What to Do in the Case of Unintentional Disclosure of Medical Records
Posted In: Business Law   | Posted by: Arenstein & Anderson Co., LPA
Our Medical Office Accidentally Provided a Patient List to Other Patients and the Public. What Should We Do?
When there is an unintentional disclosure of protected health information by a medical or dental practice, very specific and important steps must be followed under HIPAA and HITECH. Having experienced attorneys that have handled privacy breaches by medical and dental practices is imperative to complying with the law.
If the breach affected less than 500 individuals, then the action steps for the medical or dental practice (the “practice”) are somewhat less severe than they would be if the amount exceeded 500 individuals. In the case of a breach involving 500 or fewer individuals, the practice must timely notify everyone affected, along with the U.S. Secretary of Health and Human Services. If the breach affected more than 500 individuals, the practice would also have to notify the media.
More specifically, the practice must notify affected individuals after discovering a breach of unsecured protected health information via individual notice in written form by first class mail or email, but only if the affected individual has agreed to receive such notices electronically. If there is out of date (or insufficient) contact information for 10 or more individuals, the practice must provide a substitute notice for them by either posting the notice on its website home page or providing the notice in major print or broadcast media where the affected individuals likely reside. If the insufficient contact information affects fewer than 10 individuals, the practice may provide substitute notice by an alternative form in writing, by telephone, or other means. The practice should provide these individual notifications as quickly as possible but in no case later than 60 days following the discovery.
The content of the notice must include, to the extent possible, descriptions of: the breach itself; the types of information involved; the steps affected individuals should take to protect themselves from potential harm; a brief description of what the practice is doing to investigate the breach, mitigate the harm, and prevent further breaches, as well as the practice’s contact information. For substitute notice provided via web posting or major print or broadcast media (if applicable), the notification must include a toll-free number for individuals to contact the practice to determine if their protected health information was involved in the breach. The content of this notice is extremely important. Having experienced attorneys that have assisted with such a notice and the steps involved in this process is advisable.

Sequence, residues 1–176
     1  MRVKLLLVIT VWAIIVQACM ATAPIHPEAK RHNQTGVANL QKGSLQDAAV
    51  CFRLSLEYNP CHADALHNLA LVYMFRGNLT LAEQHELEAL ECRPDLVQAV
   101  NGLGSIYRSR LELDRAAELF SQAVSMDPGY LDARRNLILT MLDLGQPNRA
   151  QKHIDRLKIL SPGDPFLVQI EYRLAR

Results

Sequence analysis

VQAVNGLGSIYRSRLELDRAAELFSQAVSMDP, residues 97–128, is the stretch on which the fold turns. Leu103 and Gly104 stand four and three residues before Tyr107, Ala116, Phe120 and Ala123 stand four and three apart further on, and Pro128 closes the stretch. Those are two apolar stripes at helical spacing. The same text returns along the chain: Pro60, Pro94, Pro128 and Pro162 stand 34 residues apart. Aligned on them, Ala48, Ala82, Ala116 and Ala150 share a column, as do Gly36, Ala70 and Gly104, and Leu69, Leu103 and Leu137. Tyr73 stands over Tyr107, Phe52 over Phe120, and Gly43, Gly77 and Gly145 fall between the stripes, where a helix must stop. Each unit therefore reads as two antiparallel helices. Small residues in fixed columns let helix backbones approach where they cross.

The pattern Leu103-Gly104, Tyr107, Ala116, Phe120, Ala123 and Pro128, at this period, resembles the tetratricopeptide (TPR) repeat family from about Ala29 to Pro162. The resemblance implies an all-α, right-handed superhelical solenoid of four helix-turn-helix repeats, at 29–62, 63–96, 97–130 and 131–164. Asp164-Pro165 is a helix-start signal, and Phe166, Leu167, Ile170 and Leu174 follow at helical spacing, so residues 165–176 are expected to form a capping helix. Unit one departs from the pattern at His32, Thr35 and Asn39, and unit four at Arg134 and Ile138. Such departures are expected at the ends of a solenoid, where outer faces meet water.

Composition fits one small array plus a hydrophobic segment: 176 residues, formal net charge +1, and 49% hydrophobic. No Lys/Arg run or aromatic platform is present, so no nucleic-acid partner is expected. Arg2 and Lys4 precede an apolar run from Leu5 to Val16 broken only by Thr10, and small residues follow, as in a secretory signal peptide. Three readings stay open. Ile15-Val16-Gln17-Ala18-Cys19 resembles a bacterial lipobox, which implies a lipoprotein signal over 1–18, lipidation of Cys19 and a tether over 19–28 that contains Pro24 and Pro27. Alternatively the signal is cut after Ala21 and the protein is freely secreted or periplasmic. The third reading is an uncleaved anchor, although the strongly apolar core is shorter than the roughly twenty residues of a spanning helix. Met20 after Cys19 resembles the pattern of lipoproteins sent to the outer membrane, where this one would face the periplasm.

In addition to the affected individuals, the practice must also notify the U.S. Secretary of Health and Human Services. The practice can notify the Secretary by visiting the HHS web site and filling out and electronically submitting a breach report form. If the breach affected 500 or more individuals, the practice would have to notify the Secretary on the same time frame as individuals. However, if the breach affected fewer than 500 individuals, the practice may notify the Secretary on an annual basis.
The notice must be submitted electronically on the U.S. Health and Human Services website by completing all information required on the breach notification form posted there. If applicable, a separate form must be completed for every breach that has occurred during the calendar year. If the practice discovers more information to report after submitting the initial form, it should submit an additional form and check the box to indicate that it is an updated submission. If it is unclear how many individuals are affected by a breach when the form is filed, the practice should provide an estimate. As the unclear information becomes available, an additional breach report should be submitted as an addendum to the initial report.
With regard to tracking the practice’s required action steps, keep in mind that the practice has the burden of proof to demonstrate that all required notifications have been provided. Similarly, the practice must comply with several other provisions of the rules with respect to breach notification. For example, there should be in place written policies and procedures regarding breach notification; training employees on the policies and procedures; development and application of appropriate sanctions against employees who fail to comply with them; and other proactive steps.
It is also important to note that the law and requirements in this area are constantly in flux. Legal representation with experience in this area and with a working knowledge of the changes and additions to the breach notification requirements is essential.
Arenstein & Andersen Co., LPA, located in Dublin, Ohio, provides comprehensive business services to medical, dental, and veterinary practices. For businesses in the medical, dental, and veterinary fields we offer a unique emphasis on healthcare laws and compliance, including physician, dentist, and veterinarian employment contracts, assistance with insurance and billing issues, compliance with Stark and other anti-kickback laws, privacy and electronic records laws (including HIPAA and HITECH), Medicare and Medicaid compliance, day-to-day operations of practices, audits conducted by the Ohio Bureau of Workers’ Compensation, Medicaid, Medicare, and other State and Federal Agencies.
Posted In: Business Law